Chris Randall, Head of the Employment Department at Ringrose Law explores the recent update to the Vento Guidelines in Discrimination cases

Post by: Chris Randall 04/04/2018 0 comments 335 views

If a Claimant succeeds in a discrimination claim against an employer or former employer, an Employment Tribunal can award compensation for injury to feelings as well as for financial losses. This means the Claimant receives compensation for the upset, hurt and distress the discrimination has caused the Claimant.

Employment Tribunals use guidelines called the Vento guidelines to decide how much they should award for injury to feelings. The Vento guidelines are split into three bands depending on how serious the Tribunal considers the Claimant’s injury to feelings to be.

On 23 March 2018 the Presidents of the Employment Tribunals in England & Wales and Scotland issued Joint Presidential Guidance updating the Vento bands.  In respect of claims presented on or after 06 April 2018, the Vento bands shall be as follows:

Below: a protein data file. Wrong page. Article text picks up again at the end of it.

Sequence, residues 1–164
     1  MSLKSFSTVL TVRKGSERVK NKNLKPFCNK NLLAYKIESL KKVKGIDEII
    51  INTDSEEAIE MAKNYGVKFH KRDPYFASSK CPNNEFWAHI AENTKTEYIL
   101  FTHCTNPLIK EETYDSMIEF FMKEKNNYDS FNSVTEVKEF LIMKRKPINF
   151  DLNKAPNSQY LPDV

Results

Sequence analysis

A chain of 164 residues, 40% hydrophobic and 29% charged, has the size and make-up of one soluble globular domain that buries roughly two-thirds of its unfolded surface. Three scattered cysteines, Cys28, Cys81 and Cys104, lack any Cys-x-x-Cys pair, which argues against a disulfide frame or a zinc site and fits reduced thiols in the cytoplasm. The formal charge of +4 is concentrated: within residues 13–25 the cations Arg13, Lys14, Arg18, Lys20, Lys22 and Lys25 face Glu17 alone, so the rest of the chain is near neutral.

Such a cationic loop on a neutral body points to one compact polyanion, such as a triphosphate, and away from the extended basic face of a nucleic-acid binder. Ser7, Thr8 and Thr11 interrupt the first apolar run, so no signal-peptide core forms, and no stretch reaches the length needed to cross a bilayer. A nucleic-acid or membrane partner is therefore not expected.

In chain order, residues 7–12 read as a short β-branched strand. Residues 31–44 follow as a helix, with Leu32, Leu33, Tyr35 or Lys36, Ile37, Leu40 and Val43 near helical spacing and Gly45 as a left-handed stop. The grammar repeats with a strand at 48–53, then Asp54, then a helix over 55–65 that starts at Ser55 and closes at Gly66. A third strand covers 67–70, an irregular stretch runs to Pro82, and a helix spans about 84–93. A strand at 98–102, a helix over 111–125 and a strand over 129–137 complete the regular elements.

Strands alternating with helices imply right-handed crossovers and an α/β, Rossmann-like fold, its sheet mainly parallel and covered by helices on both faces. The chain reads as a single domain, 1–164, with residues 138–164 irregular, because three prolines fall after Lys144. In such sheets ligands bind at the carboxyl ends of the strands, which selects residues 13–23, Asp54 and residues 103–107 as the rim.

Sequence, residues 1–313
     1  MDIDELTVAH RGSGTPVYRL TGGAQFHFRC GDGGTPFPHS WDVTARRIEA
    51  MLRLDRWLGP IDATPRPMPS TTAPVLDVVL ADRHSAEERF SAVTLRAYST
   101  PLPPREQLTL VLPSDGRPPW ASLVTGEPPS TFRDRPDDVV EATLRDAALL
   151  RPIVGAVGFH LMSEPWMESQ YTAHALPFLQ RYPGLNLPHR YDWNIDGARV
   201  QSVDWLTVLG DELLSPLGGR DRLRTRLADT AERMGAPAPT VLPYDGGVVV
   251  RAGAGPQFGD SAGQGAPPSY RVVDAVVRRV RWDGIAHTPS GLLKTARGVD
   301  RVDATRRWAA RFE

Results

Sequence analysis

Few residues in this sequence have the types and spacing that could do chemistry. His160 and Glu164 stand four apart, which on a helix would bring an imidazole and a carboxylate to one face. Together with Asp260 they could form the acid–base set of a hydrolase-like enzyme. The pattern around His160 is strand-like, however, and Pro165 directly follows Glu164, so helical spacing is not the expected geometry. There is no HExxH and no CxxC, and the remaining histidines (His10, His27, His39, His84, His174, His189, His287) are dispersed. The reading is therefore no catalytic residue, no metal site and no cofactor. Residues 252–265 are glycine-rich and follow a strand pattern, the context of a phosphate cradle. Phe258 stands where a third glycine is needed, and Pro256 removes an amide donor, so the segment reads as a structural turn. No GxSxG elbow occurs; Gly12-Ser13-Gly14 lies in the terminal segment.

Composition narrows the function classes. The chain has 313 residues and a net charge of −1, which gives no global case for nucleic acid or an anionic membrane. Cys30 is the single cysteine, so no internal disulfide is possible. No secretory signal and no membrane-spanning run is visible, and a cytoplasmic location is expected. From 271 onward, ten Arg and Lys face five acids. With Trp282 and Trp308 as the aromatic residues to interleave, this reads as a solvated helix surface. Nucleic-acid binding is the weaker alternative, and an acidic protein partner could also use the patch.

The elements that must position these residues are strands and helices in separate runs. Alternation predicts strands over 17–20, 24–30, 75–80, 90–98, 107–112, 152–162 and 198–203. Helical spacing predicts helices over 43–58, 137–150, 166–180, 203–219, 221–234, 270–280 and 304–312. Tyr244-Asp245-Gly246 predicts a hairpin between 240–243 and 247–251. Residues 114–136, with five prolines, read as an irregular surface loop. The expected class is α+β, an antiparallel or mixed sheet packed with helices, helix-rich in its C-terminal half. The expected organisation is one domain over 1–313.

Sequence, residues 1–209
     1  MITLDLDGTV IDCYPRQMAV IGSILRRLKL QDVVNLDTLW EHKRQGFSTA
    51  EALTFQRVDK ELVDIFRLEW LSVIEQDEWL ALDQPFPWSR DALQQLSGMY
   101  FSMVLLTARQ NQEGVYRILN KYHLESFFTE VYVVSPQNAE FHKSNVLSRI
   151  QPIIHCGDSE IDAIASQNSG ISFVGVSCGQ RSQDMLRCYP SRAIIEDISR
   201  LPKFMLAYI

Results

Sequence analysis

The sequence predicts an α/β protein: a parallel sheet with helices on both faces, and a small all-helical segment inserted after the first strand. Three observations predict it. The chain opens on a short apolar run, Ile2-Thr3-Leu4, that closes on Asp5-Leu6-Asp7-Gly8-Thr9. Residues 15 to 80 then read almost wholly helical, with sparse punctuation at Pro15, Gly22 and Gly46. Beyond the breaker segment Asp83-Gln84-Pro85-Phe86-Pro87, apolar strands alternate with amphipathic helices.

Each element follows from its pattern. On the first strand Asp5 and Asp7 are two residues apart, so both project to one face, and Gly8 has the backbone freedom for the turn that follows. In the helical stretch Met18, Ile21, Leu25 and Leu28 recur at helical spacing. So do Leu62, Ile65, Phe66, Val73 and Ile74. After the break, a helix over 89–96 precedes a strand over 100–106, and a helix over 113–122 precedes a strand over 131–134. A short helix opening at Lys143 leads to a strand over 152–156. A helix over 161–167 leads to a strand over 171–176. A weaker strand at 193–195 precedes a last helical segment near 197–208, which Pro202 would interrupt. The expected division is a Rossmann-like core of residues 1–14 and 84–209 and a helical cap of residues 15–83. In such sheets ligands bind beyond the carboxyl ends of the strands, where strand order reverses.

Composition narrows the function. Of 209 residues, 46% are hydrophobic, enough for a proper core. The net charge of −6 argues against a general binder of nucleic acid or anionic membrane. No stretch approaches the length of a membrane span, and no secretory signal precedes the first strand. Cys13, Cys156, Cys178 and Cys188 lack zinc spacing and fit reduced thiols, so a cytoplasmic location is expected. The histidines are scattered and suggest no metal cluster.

The top band

The Tribunal can award between £25,700 to £42,900 in the most serious cases of discrimination. This could include examples, where a Claimant has suffered a long campaign of discrimination or harassment.  Exceptional cases can exceed £42,900.  it is important to note that compensation can be unlimited under this category.

The middle band

The Tribunal can award between £8,600 to £25,700 in cases which are serious but do not fall into the top band. The middle band could include a serious one-off act of harassment or a lengthy but less serious act of discrimination. This band also covers cases where the discrimination was relatively minor but led to the Claimant’s loss of employment.

The lower band

The Tribunal can award between £900 to £8,600 in less serious cases of discrimination, such as a one-off act of relatively minor harassment or discrimination.

This update to the Vento bands serves as a timely reminder for employers to make sure that they are taking all reasonable steps to prevent discrimination in the workplace.  This might include carrying out diversity training and the implementation of equal opportunities and anti-bullying and anti-harassment policies. Employers who take these steps will find themselves in a stronger position to provide a statutory defence to any discrimination claim raised by an employee.

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